ESOP fiduciaries remain subject to suit for failure to drop inflated company stock from investment menu

ESOP participants will be allowed the opportunity to prove in court that plan fiduciaries acted imprudently in continuing to offer company stock as an investment option when they knew or should have known that the stock price was artificially inflated, according to the U.S. Court of Appeals in San Francisco (CA-9). The participants will also be permitted to rely on documents incorporated by reference in plan summary plan descriptions to establish a breach by the plan fiduciaries of their duty to provide the participants with material information related to the investment in company stock.

Note: The case is one of the first to be adjudicated in the wake of the invalidation by the U.S. Supreme Court of the presumption of prudence. However, it is important to note that the Ninth Circuit’s decision only allows the participants to continue to pursue their action. The decision is not a determination that the fiduciaries actually violated their ERISA duties.

Application of presumption of prudence

The facts and lengthy procedural history of the case are complex. Essentially the Ninth Circuit was revisiting its earlier holding applying the presumption of prudence to reflect the Supreme Court’s ruling in Fifth Third Bancorp v. Dudenhoeffer, invalidating the presumption of prudence.

Violation of duty of care

In affirming its earlier holding that the fiduciaries violated the duty of care owed under ERISA, the Ninth Circuit was required to revisit and address the defenses previously advanced by the fiduciaries in the prior action.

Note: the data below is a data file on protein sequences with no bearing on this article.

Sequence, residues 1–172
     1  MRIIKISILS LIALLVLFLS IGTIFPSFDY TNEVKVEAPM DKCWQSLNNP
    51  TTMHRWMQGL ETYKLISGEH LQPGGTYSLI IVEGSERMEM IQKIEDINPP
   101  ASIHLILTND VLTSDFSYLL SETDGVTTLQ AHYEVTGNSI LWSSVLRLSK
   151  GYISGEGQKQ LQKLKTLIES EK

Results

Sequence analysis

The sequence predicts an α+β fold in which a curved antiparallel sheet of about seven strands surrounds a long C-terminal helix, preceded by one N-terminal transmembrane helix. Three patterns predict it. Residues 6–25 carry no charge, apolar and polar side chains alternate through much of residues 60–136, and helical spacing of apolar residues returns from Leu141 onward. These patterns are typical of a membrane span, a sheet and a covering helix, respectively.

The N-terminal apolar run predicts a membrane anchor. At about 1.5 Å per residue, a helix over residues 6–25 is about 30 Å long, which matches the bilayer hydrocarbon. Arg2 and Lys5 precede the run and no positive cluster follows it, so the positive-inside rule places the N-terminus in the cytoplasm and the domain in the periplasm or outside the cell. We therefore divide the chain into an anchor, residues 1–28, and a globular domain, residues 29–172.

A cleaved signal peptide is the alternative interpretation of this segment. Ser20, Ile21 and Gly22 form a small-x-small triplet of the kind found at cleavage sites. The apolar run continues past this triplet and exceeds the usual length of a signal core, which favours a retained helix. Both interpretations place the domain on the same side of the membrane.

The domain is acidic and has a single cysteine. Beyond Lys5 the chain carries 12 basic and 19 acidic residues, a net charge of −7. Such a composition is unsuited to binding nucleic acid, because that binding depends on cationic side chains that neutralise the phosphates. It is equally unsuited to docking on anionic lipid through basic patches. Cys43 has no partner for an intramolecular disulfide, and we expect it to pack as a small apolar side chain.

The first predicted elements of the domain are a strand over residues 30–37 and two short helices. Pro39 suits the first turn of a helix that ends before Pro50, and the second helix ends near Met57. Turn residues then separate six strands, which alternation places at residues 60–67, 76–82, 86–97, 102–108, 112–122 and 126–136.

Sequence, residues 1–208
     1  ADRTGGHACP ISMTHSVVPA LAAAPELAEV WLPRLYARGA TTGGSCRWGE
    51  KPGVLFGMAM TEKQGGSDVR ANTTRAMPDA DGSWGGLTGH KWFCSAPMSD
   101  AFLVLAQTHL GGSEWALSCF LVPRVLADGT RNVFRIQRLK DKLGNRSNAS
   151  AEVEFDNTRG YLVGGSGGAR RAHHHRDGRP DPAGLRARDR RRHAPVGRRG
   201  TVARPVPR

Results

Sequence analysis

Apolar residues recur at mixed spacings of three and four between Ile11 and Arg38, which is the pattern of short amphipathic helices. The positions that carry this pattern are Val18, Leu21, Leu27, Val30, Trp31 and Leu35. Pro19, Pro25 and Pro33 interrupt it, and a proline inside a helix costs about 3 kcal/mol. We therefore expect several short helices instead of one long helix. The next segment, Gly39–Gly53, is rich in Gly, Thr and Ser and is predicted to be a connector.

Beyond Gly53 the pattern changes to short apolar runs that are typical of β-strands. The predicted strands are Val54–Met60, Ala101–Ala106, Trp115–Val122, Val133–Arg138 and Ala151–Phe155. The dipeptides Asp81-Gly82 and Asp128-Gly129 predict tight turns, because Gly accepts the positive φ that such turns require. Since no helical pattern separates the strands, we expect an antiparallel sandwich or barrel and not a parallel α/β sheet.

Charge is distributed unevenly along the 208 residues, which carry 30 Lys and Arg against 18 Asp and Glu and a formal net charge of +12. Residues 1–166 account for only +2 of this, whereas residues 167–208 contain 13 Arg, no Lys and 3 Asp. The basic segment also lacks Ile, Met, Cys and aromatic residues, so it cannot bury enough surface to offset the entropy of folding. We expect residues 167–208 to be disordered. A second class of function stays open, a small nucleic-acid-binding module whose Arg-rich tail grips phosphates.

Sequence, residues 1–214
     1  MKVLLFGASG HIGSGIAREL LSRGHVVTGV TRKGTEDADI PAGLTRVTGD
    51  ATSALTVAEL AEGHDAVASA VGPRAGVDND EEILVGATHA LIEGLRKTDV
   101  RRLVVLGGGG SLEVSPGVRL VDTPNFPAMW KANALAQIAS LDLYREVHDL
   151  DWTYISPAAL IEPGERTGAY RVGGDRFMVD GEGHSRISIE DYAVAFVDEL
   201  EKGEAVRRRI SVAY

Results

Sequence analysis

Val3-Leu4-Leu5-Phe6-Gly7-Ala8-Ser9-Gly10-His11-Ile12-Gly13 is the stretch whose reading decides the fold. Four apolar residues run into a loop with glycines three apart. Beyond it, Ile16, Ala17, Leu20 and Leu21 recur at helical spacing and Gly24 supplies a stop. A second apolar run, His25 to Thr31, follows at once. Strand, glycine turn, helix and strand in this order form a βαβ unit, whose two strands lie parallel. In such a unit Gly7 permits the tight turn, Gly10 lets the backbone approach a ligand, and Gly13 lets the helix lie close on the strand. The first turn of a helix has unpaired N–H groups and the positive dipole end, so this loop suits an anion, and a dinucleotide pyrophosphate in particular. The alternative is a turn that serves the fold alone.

The fiduciaries initially maintained that, even absent the presumption of prudence, their actions in retaining the company stock investment option were prudent. In determining whether the fiduciaries actually complied with the applicable standard of prudence, the court focused on whether the fiduciaries, at the time they engaged in the challenged actions, utilized appropriate methods to investigate the merits of the investment and to structure the investment.

The fiduciaries argued that the investments in company stock during the class period were not imprudent because the company was not experiencing financial difficulty during the class period and remains a strong and profitable company. The court, noting that the company’s financial difficulties were hidden by its allegedly deceitful actions, stressed that the company’s viability did not negate the fact that the company’s stock may have been artificially inflated during the class period.